A winter solstice (almost!) walk across Dartmoor
I always try to go for a long walk on the moor around the time of the winter solstice. It’s become something of a habit – last year the Belstone and Cosdon Hill area, for example; the year before the West Dart Valley and the Beardown Tors. This year (on Sunday 20 December) I joined John Diplock’s ‘Free Spiriters’ (an activity group for the over 50s) at Powdermills for their December adventure: a 12-mile walk across the moor to Dewerstone Cottage, tucked away in National Trust woodland above the River Meavy. Conditions underfoot were wet to say the least… but after a horribly wet and windy stretch across open moorland above the Swincombe Valley we were rewarded with sunshine and fantastic light by the time we reached Gutter Tor and Ringmoor Down, before the final crossing of Wigford Down.
But back to the start of the route. We set off from the former gunpowder works at Powdermills along the ‘old drive’, which leads to the B3212 not far from the Cherrybrook Hotel.
Then we picked up the bridle path across Muddilake (well named!) to emerge opposite the beautiful beech-tree-lined drive to Prince Hall Hotel and the Dartmoor Training Centre.
We got completely drenched crossing the slopes of Royal Hill to gain the old tin workings at Whiteworks (via a tricky crossing of the swollen Strane River), where we picked up a track leading to Nun’s Cross Farm for a lunch break tucked out of the wind behind crumbling granite walls.
But then (weather-wise) things started looking up and conditions improved considerably. We picked up the (quite badly degraded) track past Eylesbarrow tin mine, ending at the Scout Hut below Gutter Tor.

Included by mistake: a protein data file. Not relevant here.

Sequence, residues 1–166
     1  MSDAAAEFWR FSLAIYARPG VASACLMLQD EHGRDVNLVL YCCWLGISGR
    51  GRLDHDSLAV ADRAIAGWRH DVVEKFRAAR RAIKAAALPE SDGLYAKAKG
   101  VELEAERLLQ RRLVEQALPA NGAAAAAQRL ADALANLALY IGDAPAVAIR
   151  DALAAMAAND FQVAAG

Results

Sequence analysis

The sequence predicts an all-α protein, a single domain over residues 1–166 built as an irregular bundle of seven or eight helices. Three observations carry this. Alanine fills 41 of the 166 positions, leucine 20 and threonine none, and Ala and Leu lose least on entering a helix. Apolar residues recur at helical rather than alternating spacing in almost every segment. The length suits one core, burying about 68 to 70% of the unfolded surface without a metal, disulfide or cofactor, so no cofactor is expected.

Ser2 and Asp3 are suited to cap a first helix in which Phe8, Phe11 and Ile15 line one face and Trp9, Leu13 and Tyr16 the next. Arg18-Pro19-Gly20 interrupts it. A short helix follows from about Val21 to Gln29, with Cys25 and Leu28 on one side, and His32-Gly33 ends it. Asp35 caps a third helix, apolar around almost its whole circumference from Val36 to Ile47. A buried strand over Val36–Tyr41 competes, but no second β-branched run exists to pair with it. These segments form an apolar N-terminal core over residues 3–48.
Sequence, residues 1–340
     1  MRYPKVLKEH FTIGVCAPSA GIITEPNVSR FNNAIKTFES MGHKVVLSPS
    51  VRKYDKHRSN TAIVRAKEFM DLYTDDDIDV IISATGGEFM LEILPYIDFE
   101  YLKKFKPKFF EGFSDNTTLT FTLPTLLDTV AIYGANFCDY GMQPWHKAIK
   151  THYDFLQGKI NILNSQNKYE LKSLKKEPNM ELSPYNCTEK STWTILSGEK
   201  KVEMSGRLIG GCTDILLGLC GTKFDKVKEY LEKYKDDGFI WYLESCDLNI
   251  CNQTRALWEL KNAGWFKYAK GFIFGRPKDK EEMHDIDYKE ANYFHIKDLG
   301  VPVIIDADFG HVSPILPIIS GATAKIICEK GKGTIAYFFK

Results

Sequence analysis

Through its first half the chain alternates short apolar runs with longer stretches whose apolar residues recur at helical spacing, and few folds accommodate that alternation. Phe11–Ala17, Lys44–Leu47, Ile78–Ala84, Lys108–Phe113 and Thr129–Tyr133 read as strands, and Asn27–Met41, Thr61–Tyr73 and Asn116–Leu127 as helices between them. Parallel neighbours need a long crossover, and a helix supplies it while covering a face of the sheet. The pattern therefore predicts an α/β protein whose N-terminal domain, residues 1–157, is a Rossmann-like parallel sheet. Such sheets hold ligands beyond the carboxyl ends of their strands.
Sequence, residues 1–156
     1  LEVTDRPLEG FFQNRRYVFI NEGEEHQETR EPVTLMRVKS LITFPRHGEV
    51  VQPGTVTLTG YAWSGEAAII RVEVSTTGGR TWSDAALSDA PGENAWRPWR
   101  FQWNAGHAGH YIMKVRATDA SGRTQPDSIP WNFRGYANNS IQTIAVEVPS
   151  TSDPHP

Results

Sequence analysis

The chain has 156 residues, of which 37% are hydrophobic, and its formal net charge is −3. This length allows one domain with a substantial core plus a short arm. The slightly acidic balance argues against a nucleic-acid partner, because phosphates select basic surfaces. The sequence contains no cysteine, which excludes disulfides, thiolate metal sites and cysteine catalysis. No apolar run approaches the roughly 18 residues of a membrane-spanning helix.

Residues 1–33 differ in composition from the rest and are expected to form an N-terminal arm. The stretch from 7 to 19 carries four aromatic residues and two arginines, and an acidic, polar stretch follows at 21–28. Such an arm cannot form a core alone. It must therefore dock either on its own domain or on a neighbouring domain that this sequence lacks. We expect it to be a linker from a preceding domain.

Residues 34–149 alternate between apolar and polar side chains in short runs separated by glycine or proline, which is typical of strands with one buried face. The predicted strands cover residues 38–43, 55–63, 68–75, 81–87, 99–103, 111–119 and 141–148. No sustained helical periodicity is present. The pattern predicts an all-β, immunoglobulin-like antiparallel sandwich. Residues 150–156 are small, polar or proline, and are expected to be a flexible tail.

And on Gutter Tor the light, and views, were just fantastic!
It was just so good to see some blue sky again after days of grey… and from there we had a long tramp across Ringmoor Down in near perfect conditions.
The final stretch took us past Brisworthy Plantation, from where we crossed Wigford Down (north of the Plym Valley).
Finally we descended steeply through beautiful oak woodland to Dewerstone Cottage. A counting house for the local quarry during the 19th century, and situated on an old tramway built to remove the worked stone, the cottage has since been home to a tearoom (from the late 19th century), catering for visitors arriving on the now disused Plymouth-to-Princetown railway. In the mid 1950 it fell into disuse, was acquired by the National Trust in 1960 and leased to the Scouts organisation. The NT has now teamed up with John Diplock’s Spirit of Adventure, under whose guidance the cottage has been renovated. It is now a comfortable bunkhouse in a magical location, available for hire via www.spirit-of-adventure-com.
And that was where our walk ended, and Free Spirit’s Christmas party took place! Many thanks to John for organising yet another wonderful day out – and here’s to many more in 2016.